My first visit was Stony Creek Farms near Rochester, about an hour north of the city. There was a call out to help with chores after one of the owners was injured. I carpooled with Stefan, and the two of us arrived just in time to feed and water the pigs, impressive Berkshire/Tamworth sows and cute piglets. I got the job of milling wheat and peas, then mixing that with water and some milk to create a healthy mash. It was dusty, noisy work, but I stuck Kleenex in my ears and was happy to grind away. Then I spent some time helping Stefan with building frames for a chicken coop – I love sawing and drilling to build useful stuff! Next came the sheep, as they needed some hoof trimming before being sold to a new owner. In teams of three, we managed to flip each sheep on its back and hold it while the more or less willing animal got a pedicure. Soon a few hours had slipped by and it was time for a nice roast, salad and some pasta. We were all dirty and tired, but happy to dig in and lend a helping hand.
Stony Creek Farms offers “beyond organic” meat and veggie shares, and you can learn more about the farm here: http://stoneycreekfarm.ca/
Another fascinating visit was an organized tour of Grassroots Family Farm. Takota Coen and his parents run this organic farm and CSA. Takota explained how permaculture is about creating connectivity to increase the health and productivity of people, plants and animals. We saw how the Jersey cow and her calf grazed under rows of fruit and nut trees, reducing competitive grasses and fertilizing the plants. Sophie’s milk is added to the pig mash as a pro-biotic and to pre-ferment it. The free roaming chickens get some of this healthy grain mix while cleaning up what the pigs drop or do not eat. Animal manure is composted right along with straw bedding in the spacious, wind-protected pig corral. Both pigs and chickens help this process and reduce pests with their natural tendency to dig and scratch.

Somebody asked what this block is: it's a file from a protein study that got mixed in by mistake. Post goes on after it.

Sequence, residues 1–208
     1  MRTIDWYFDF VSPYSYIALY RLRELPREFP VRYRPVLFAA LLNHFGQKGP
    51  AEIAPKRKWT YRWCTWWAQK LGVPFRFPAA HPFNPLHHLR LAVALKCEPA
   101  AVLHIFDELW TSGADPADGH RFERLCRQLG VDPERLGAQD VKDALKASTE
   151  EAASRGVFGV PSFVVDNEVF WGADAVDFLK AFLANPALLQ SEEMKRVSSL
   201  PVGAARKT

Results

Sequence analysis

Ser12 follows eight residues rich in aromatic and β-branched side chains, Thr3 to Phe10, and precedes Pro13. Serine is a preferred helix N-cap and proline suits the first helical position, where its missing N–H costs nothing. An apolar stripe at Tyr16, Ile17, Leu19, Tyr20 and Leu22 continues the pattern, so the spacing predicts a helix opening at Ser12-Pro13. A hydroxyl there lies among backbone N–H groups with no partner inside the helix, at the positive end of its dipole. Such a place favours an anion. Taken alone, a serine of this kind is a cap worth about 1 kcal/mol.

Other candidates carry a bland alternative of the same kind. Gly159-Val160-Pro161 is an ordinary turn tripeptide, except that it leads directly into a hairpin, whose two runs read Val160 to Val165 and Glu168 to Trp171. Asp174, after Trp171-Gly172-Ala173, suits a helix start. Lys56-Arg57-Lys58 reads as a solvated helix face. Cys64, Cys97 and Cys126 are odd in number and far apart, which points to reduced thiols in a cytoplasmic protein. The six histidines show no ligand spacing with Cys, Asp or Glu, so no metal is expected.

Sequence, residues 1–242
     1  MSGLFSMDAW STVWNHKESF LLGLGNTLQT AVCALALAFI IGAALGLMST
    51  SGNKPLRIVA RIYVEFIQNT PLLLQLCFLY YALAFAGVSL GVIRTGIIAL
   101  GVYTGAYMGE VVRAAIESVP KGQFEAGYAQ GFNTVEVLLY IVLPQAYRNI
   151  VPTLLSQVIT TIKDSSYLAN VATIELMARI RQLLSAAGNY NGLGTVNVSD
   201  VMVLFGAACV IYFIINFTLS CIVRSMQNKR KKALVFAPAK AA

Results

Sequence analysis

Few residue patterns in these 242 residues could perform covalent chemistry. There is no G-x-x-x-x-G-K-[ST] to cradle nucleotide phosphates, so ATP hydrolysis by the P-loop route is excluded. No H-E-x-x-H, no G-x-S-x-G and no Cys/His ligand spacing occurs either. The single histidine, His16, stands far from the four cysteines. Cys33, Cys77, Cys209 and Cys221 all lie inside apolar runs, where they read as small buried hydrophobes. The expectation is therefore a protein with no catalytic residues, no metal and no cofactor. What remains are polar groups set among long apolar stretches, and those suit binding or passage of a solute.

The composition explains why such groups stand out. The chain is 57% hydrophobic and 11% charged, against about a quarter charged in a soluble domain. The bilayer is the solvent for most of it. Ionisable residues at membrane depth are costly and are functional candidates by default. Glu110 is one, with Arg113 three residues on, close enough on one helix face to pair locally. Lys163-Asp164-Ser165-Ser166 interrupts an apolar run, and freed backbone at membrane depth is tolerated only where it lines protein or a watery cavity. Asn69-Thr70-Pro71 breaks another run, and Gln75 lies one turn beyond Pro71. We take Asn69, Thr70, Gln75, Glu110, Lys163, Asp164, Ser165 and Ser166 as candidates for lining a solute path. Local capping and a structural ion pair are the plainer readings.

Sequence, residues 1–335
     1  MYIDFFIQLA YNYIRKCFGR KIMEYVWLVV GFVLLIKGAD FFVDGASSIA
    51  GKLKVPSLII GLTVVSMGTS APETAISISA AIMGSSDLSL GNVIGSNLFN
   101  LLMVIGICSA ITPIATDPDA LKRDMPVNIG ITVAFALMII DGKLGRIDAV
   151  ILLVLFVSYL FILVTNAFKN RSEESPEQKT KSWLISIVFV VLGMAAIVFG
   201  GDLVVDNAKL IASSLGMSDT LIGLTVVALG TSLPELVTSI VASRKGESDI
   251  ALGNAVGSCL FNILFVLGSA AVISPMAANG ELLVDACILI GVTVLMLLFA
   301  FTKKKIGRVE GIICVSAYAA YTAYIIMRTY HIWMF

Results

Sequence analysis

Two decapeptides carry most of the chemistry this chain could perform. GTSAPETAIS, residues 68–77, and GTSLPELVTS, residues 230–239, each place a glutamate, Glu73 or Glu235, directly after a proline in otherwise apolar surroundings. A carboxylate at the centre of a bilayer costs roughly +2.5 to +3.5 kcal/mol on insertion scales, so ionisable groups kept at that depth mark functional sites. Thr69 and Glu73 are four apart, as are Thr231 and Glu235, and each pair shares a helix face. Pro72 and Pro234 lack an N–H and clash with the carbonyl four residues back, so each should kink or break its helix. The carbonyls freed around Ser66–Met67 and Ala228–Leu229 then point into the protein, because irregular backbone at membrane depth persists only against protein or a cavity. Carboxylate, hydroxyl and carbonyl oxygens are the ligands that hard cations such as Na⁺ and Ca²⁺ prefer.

Out in the fields, we also got a tour of an extensive water harvesting system and swales that provide moisture to long rows of fruit trees and berry bushes. Melt and rainwater collects at the lowest point of the farm in a dugout. Water is pumped to the highest point on the farm with a solar powered pump. A small pond at the top of the hill holds this transported water. Takota can lower a standing pipe in the pond to direct pond water into a series of swales. These are ditches that follow the contour lines on the hillsides. Water will spread out in the swales and then slowly percolate downhill, feeding the pasture grasses and growing food forest. A direct pipe from the pond also provides enough pressure for some direct irrigation of field crops and gardens closer to the farm buildings.
The Coen family has spent time learning about permaculture and from like-minded farmers, taking risks to experiment and making changes as needed. It was a pleasure learning about how they take pride in growing healthy animals, soil and plants for our benefit. You can learn more about this farm here: www.grassrootsfamilyfarm.ca
For a long list of other fabulous and fascinating Alberta farms that offer direct sales or CSA shares, you can visit http://www.csaalberta.com/